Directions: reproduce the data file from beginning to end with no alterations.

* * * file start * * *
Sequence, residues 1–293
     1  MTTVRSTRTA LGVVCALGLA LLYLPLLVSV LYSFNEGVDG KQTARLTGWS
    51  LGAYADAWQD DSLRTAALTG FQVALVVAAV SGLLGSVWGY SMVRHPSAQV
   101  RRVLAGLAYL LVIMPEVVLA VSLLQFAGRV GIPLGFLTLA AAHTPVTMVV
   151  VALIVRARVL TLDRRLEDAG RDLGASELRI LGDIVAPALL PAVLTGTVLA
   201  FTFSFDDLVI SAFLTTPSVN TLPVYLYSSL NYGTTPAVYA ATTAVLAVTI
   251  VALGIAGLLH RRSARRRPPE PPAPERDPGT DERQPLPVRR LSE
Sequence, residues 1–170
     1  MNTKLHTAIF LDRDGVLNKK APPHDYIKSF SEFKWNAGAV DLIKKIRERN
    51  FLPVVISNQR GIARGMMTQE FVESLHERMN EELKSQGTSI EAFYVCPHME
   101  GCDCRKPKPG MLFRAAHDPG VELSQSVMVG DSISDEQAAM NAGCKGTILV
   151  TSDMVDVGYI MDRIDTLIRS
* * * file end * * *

Sequence, residues 1–293
     1  MTTVRSTRTA LGVVCALGLA LLYLPLLVSV LYSFNEGVDG KQTARLTGWS
    51  LGAYADAWQD DSLRTAALTG FQVALVVAAV SGLLGSVWGY SMVRHPSAQV
   101  RRVLAGLAYL LVIMPEVVLA VSLLQFAGRV GIPLGFLTLA AAHTPVTMVV
   151  VALIVRARVL TLDRRLEDAG RDLGASELRI LGDIVAPALL PAVLTGTVLA
   201  FTFSFDDLVI SAFLTTPSVN TLPVYLYSSL NYGTTPAVYA ATTAVLAVTI
   251  VALGIAGLLH RRSARRRPPE PPAPERDPGT DERQPLPVRR LSE
Sequence, residues 1–170
     1  MNTKLHTAIF LDRDGVLNKK APPHDYIKSF SEFKWNAGAV DLIKKIRERN
    51  FLPVVISNQR GIARGMMTQE FVESLHERMN EELKSQGTSI EAFYVCPHME
   101  GCDCRKPKPG MLFRAAHDPG VELSQSVMVG DSISDEQAAM NAGCKGTILV
   151  TSDMVDVGYI MDRIDTLIRS